There are several significant questions that arise from these charges. First, are the charges based on the illegal monitoring of confidential attorney-client communications?

There was no provision then or now which allows such strictly confidential communications to be recorded without telling the participants that their conversations are being monitored. The executive order issued by Ashcroft after September 11 to permit government monitoring of certain attorney-client discussions mandates that the subjects be informed that their conversations are being recorded.

Second, if the government has believed since May 2000 that Abdel Rahman was directing acts of international terrorism through his attorney, why was this activity allowed to continue for almost two years, including the six months since the September 11 attacks?

Third, if Stewart was trying to hide the discussion regarding the cease-fire from the guards, why did she announce Abdel Rahman’s position to the media right after her May 2000 prison visit? If that act violated the special administrative measures, why was no action taken against her then?

The second allegation against Stewart is even more specious than the first. The government alleges that she conspired to make a public statement that Abdel Rahman was being denied medical treatment for his diabetes, when she supposedly knew that he was refusing insulin. Even if true, this allegation describes conduct protected by the First Amendment’s guarantee of freedom of speech, which prohibits the government from penalizing its critics. The government’s charge smacks of the anti-sedition laws discredited over two hundred years ago.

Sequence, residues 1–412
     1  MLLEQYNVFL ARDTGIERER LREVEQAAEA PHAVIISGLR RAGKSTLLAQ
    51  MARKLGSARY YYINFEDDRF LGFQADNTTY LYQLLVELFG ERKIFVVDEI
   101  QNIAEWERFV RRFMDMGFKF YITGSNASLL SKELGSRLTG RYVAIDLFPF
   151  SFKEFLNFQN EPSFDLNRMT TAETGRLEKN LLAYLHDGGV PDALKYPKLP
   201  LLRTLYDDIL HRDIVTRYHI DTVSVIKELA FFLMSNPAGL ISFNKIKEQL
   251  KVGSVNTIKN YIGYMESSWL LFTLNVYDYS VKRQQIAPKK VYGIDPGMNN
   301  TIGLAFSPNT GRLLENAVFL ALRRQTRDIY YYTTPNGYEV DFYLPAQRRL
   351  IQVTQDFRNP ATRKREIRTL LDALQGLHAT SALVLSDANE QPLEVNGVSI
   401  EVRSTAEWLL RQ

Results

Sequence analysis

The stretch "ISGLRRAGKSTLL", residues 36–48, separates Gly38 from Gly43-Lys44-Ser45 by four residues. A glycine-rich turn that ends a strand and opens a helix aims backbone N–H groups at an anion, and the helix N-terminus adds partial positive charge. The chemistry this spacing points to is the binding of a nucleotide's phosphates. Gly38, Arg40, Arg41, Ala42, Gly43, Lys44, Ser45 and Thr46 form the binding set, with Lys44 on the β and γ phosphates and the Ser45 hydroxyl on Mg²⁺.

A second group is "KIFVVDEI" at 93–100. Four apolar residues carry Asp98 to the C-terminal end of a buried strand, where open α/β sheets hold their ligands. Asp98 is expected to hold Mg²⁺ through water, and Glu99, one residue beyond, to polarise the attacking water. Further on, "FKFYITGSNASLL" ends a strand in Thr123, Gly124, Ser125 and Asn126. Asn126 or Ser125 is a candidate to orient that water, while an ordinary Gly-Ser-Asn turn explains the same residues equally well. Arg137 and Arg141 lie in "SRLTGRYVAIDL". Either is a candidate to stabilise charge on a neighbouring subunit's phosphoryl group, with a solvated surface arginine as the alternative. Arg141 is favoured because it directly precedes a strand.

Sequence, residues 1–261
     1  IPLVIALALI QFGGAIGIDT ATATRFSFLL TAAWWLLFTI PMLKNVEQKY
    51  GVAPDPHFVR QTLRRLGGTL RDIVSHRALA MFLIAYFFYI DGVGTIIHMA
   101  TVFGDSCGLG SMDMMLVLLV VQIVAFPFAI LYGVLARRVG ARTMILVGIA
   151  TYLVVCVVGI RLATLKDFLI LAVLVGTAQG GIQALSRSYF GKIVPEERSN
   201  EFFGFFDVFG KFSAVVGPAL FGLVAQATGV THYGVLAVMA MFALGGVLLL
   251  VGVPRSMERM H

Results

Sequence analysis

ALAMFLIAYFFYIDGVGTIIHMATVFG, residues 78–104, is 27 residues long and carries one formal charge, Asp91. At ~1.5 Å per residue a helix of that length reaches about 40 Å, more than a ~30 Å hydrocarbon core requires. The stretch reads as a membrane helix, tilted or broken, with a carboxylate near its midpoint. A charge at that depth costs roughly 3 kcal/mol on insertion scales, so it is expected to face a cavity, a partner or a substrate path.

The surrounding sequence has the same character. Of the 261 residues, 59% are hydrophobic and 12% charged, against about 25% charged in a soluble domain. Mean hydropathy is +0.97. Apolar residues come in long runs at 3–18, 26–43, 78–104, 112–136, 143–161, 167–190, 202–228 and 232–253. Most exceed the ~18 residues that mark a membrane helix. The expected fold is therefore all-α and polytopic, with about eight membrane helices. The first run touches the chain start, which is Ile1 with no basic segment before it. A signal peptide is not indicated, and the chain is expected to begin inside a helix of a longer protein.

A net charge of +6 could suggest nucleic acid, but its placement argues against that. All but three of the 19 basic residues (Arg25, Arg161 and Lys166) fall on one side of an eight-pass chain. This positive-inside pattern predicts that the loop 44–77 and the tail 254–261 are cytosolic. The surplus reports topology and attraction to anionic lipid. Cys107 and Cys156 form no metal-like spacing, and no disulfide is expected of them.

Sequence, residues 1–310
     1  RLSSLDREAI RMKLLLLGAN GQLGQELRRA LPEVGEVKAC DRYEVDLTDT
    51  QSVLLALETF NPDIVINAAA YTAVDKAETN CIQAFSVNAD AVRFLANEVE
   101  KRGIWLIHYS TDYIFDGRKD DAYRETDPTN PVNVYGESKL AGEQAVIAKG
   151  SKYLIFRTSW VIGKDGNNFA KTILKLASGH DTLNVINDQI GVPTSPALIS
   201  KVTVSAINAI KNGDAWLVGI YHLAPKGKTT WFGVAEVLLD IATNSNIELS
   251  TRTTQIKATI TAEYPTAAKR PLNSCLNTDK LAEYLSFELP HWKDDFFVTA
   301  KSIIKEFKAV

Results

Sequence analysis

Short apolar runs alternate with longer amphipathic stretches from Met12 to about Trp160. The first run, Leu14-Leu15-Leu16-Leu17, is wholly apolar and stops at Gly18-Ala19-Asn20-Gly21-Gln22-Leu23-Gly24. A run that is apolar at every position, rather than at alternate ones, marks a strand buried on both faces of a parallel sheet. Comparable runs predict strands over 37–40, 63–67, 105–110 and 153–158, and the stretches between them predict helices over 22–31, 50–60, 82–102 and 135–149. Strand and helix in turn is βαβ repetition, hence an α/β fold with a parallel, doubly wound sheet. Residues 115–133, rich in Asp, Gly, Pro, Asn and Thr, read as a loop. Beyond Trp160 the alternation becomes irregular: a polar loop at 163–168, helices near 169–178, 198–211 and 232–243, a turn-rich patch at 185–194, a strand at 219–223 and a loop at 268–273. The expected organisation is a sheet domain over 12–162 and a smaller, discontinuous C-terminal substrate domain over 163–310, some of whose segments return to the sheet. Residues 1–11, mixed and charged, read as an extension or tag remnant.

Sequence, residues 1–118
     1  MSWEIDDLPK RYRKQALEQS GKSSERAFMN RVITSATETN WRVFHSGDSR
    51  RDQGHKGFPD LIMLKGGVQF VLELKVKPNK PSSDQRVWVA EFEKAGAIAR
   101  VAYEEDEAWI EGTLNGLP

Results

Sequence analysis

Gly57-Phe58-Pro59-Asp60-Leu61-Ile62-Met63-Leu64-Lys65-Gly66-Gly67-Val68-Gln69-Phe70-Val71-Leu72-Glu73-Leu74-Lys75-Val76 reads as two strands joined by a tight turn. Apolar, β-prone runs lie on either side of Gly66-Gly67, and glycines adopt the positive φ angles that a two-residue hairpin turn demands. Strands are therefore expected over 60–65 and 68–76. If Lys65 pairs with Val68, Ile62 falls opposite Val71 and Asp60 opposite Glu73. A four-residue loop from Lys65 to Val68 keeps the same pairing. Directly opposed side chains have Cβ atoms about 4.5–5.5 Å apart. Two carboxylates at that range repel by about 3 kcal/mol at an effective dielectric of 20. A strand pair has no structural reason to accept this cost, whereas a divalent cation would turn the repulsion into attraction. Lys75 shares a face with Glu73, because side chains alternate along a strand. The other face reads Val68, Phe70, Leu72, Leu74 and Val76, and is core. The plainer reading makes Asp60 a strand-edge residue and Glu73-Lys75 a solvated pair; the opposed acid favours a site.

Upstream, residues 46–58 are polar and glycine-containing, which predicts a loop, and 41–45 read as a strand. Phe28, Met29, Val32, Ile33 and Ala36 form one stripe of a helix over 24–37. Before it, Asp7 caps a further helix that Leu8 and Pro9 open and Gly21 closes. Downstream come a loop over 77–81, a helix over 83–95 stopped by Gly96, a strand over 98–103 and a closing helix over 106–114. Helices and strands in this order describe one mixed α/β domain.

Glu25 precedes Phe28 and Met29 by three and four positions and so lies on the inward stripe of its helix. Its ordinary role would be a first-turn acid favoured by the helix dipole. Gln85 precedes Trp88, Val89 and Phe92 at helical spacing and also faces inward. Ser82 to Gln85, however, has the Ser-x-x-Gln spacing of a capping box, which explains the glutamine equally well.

The charge against Stewart for providing material support to a “terrorist organization” is the same charge stated in eight counts of the indictment against John Walker Lindh, the young American from the San Francisco Bay area captured with a Taliban fighting unit during the Afghanistan war. Just as the prosecution of Lindh is meant to intimidate dissidents, the prosecution of Stewart is intended to serve as a shot across the bow for Lindh’s counsel and other lawyers who are prepared to stand up to the Bush administration’s assault on democratic rights.

The concocted criminal case against Stewart is not just an attempt to bully and intimidate lawyers willing to defend people accused of terrorism. More profoundly, this case is part of the government’s accelerating drive to dismantle democratic rights.

In announcing the indictment, Ashcroft said: “Sheik Rahman is determined to exploit the rights guaranteed him under the United States’ system of justice to pursue the destruction of that very system. The United States cannot, and will not, stand by and allow this to happen.”

Here Ashcroft is using hyperbole to camouflage his own destruction of the justice system. Setting a precedent for hauling the lawyer of a controversial client into court to face nebulous charges carrying long prison terms seriously undermines the independence of criminal defense attorneys. It therefore violates the right of those charged with crimes to effective assistance of counsel, a right guaranteed by the Sixth Amendment to the United States Constitution.

The implications of Ashcroft’s actions have generated a sharp reaction in the legal community. As word of Stewart’s arrest spread Tuesday, dozens of lawyers made their way to Stewart’s arraignment at the federal courthouse at Foley Square, where they heard Stewart reply to United States District Judge John G. Koeltl’s request for a plea by stating “Emphatically not guilty.” Gasps were heard as bail was set at $500,000, but Stewart posted a personal bond immediately and secured her own release.

Meeting with the media outside the courthouse, Stewart denounced the bringing of charges against her. “I do think this will become, hopefully, a touchstone case, as many of my cases have, something that points out the limits the government can go to in prosecuting people they don’t like,” she said.